Even though interest rates remain low at 0.25% and liquidity remains ample, the Credit Conditions Survey for 2016 Q3 released by the Bank of England highlights that secured lending for house purchase both for prime lending and buy to let have fell significantly. Analyzing from the perspectives of banks, the uncertainty is compounded furthermore. With news that the government is on course to undertake a ‘hard‘ brexit (departure from the single market and the European customs union), banks also face the added uncertainty of whether they would remain in London or stationed elsewhere in Europe. In this scenario if the subdued demand for loans continues, then banks would invest their funds in risk free government securities, popularly known as the ‘lazy banking‘ model in academic literature. Experience from other countries narrates that if ‘lazy banking’ kicks in then it is difficult to reverse it and can pose a big challenge for central banks to give boost to the economy. Hence, a depreciating sterling does not only hold the risk of portfolio rebalancing by investors in favor of non sterling currencies but also hypothetically by banks in favor of government securities.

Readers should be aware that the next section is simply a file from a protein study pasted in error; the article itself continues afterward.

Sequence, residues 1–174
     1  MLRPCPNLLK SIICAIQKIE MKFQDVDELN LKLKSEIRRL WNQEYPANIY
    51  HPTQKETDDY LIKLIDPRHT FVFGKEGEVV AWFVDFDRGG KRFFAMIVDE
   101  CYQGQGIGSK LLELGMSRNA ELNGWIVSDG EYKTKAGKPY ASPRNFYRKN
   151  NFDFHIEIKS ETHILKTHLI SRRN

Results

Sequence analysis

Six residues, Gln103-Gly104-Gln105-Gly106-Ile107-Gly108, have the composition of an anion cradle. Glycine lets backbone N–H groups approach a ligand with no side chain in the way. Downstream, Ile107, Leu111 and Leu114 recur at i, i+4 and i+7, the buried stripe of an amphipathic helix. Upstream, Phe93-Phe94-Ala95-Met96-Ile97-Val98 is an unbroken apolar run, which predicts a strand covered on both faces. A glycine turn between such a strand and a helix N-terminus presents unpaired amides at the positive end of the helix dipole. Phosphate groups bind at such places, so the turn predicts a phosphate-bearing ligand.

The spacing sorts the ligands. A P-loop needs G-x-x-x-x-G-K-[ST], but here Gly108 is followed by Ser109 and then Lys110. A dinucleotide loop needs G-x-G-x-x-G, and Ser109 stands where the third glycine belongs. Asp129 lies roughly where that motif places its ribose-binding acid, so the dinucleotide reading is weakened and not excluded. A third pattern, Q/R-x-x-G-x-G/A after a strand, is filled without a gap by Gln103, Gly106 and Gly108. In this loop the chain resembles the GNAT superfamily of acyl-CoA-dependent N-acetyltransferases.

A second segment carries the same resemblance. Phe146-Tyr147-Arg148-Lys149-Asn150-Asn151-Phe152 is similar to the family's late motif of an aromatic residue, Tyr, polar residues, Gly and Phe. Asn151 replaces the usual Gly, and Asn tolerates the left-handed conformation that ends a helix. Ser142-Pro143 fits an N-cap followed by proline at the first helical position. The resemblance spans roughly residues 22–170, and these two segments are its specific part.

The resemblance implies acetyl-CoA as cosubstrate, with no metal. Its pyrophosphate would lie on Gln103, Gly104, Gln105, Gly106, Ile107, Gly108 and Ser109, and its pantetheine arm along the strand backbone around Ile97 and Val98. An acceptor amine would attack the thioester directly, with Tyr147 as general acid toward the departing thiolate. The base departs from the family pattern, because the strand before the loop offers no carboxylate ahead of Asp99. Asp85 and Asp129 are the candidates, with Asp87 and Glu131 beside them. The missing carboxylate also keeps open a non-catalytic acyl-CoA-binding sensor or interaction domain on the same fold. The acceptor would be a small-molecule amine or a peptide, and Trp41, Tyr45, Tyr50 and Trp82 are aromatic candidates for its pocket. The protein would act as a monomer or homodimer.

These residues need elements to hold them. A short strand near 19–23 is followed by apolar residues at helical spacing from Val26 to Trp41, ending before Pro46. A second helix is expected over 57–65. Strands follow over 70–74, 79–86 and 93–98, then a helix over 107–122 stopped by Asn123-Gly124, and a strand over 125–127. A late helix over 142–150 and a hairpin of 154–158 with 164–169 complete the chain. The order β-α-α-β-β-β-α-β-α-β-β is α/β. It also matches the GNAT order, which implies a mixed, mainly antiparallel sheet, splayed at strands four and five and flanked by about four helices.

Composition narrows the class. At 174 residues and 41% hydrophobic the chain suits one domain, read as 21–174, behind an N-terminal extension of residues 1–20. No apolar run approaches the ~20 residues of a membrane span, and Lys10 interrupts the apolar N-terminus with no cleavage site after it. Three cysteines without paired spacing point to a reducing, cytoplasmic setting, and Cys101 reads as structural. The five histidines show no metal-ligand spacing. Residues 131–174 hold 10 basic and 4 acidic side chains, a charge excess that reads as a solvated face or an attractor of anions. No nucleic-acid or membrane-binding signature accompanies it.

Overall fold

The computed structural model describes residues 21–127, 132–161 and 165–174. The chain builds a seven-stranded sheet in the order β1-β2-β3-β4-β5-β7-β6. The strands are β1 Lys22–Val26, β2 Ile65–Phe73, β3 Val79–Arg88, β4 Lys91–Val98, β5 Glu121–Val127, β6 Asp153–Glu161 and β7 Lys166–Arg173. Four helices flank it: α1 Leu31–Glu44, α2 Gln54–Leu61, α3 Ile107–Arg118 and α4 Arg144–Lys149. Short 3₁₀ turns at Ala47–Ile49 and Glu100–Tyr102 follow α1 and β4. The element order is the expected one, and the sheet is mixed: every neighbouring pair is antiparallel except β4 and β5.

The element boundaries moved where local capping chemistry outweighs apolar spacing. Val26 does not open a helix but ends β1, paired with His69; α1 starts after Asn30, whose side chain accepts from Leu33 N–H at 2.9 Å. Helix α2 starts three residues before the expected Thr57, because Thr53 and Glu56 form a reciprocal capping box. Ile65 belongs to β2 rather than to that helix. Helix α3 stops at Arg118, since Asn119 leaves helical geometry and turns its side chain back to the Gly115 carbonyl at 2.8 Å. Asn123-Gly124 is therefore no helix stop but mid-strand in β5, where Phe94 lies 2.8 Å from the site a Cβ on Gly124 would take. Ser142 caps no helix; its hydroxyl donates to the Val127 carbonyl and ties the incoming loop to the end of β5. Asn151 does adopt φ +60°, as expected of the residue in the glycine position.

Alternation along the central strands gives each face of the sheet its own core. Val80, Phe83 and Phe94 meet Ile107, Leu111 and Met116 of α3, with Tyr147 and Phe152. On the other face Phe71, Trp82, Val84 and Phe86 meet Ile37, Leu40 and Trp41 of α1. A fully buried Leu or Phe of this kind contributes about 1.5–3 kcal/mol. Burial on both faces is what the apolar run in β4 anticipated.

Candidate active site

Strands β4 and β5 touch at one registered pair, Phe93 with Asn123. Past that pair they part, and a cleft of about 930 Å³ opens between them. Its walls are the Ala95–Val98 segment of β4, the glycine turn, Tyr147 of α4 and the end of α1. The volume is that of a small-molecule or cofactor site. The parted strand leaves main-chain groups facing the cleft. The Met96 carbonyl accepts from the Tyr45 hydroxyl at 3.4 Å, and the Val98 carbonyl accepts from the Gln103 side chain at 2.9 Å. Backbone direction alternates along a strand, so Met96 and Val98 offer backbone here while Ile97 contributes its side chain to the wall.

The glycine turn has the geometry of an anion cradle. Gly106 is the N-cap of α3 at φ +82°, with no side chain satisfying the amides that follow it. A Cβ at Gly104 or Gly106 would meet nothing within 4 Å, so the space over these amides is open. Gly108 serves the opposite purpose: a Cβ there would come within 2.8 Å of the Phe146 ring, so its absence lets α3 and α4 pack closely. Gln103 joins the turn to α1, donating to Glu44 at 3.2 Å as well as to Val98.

Article source: http://www.huffingtonpost.co.uk/tehreem-husain/pound-crash_b_12526748.html?utm_hp_ref=uk-politics&ir=UK+Politics